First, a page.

But that doesn’t mean we should sit by as the Steinbrenners prioritize boardroom success over on-field success. Hal and Hank are reaping huge profits while the team enters its fourth straight season as a borderline-playoff team. Yankee fans loved George Steinbrenner because he placed an undeniable emphasis on winning and didn’t mind investing in that cause. Now, while owners like Mark Walter and Mike Illitch follow in The Boss’s ideological footsteps, King George’s own sons have gone frugal.

No longer are the Yankees doing all they can to maximize the franchise’s short- and long-term success, and that ought to make the team’s fans just a little bit angry.

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40 comments on “The Yankees have become cheap, and no one seems worried”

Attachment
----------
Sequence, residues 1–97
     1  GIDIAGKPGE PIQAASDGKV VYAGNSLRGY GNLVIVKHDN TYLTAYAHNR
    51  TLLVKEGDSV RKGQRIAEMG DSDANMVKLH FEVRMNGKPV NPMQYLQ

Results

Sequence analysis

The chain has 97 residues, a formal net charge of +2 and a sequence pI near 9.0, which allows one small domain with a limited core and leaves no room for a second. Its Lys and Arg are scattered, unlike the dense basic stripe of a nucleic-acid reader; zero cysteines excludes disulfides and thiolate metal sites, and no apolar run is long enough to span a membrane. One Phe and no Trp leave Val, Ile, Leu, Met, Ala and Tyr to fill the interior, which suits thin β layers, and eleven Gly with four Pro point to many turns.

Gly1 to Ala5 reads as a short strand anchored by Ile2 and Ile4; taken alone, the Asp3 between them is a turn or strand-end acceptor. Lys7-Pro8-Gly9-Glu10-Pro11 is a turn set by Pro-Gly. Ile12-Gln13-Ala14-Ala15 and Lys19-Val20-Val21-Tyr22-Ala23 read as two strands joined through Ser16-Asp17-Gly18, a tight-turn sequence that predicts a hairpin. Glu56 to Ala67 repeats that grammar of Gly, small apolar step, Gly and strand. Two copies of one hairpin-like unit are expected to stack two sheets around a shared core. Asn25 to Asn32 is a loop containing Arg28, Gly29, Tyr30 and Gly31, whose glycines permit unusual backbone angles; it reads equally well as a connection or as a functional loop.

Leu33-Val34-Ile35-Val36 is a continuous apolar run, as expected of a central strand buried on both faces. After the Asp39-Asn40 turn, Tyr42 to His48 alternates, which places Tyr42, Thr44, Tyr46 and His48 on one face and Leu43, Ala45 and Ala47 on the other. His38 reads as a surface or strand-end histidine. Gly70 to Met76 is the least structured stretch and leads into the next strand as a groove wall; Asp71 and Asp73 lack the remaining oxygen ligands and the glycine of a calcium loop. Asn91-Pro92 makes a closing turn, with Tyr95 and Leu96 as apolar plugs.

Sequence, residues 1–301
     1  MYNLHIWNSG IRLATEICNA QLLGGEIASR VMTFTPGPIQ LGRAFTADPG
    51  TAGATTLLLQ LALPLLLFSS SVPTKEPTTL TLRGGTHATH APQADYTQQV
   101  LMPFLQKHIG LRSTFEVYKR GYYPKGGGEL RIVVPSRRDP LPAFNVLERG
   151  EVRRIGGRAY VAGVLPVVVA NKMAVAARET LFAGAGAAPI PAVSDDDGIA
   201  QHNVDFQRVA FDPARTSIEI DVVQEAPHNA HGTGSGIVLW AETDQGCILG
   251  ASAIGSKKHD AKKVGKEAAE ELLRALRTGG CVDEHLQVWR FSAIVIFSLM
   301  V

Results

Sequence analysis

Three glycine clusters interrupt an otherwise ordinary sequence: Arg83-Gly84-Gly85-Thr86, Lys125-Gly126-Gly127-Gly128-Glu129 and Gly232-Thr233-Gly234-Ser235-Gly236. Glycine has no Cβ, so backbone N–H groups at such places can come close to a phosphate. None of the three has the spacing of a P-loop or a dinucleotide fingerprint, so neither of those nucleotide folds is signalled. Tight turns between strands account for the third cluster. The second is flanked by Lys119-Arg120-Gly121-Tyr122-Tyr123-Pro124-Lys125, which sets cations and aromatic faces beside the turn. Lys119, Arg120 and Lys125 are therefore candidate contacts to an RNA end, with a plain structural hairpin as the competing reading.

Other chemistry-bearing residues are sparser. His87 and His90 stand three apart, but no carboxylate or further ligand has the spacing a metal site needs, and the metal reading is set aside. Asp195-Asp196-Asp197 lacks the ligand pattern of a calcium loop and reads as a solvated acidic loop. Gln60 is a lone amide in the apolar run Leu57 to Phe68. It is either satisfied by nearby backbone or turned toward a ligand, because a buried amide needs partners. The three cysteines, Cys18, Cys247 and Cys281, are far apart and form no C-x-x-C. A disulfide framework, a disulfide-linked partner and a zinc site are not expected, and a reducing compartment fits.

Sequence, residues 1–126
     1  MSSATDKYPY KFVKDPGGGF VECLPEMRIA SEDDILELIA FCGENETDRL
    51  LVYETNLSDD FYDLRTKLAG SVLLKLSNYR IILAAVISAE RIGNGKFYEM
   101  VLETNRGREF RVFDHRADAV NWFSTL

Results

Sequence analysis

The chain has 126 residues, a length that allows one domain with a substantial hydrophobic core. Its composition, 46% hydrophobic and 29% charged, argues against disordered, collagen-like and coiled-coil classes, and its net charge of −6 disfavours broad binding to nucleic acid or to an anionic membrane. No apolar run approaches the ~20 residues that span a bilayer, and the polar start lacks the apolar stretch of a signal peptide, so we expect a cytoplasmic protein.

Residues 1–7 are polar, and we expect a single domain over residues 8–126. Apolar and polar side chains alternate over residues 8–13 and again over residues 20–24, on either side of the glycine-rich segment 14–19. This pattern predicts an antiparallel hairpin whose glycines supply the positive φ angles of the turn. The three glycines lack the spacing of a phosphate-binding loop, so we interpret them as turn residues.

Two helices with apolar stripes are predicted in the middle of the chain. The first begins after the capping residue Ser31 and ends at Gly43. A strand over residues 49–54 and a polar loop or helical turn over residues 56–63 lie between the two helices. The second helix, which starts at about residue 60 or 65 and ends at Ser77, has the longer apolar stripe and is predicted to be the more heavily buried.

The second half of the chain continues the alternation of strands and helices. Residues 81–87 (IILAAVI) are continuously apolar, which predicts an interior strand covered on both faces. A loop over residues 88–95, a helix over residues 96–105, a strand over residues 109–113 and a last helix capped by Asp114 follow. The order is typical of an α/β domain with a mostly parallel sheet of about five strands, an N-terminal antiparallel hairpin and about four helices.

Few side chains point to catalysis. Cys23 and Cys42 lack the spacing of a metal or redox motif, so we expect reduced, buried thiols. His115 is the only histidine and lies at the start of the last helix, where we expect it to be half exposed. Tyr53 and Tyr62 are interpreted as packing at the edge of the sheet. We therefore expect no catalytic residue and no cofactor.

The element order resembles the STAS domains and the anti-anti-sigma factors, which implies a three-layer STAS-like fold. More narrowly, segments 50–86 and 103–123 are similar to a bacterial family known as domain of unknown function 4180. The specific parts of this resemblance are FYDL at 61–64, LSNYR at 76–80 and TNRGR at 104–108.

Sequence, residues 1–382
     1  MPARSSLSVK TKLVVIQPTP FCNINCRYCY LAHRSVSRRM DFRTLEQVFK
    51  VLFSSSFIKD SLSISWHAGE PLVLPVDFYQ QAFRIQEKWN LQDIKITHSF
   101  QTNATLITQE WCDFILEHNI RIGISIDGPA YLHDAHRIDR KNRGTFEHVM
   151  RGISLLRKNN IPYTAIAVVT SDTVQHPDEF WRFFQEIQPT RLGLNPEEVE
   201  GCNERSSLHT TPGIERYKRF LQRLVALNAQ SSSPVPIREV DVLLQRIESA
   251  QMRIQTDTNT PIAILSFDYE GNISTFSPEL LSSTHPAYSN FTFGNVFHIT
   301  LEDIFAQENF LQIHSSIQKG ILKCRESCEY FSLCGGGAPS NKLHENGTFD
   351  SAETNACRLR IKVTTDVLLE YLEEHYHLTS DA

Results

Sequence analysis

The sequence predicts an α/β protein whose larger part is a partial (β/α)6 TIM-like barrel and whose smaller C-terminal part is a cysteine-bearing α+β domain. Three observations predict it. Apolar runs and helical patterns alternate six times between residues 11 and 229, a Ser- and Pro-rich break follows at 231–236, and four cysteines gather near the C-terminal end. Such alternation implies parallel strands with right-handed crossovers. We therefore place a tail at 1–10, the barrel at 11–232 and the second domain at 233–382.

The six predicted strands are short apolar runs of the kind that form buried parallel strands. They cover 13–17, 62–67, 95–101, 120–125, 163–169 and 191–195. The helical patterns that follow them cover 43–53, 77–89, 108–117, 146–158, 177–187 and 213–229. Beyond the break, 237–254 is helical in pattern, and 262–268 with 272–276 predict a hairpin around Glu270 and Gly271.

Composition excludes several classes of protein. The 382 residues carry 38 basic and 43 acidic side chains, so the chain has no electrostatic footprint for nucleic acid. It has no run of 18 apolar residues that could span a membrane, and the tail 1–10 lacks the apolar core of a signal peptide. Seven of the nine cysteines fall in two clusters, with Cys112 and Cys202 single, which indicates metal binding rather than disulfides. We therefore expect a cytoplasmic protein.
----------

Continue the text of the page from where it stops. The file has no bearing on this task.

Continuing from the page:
Im ok with not spending on high priced free agents now and letting the young guys show what they can do to build a foundation. After C.C., Tex, Beltran, and AROD come off the books I expect them to spend big but on the right pieces that fit together. If that doesn’t happen then we show all be very worried about what the Yankees have become.

Richie Maccarone

The Yankees aren’t being cheap by any means. They have multiple huge contracts that will no longer be there in 2 years with a huge free agency class in 3 years. They are being smart

Alex Putterman

Hey Richie, thanks for reading. I have to ask though, if the Yankees aren’t being cheap and are merely trying not to pack the books before the 2018 offseason, why didn’t they sign Yoan Moncada? Why weren’t they in on any of the guys who got short FA deals this offseason, like Nori Aoki, Doug Fister, Rich Hill, Mat Latos, Asdrubal Cabrera, John Lackey, etc.? And why are they always complaining about a luxury tax they’re entirely able to pay?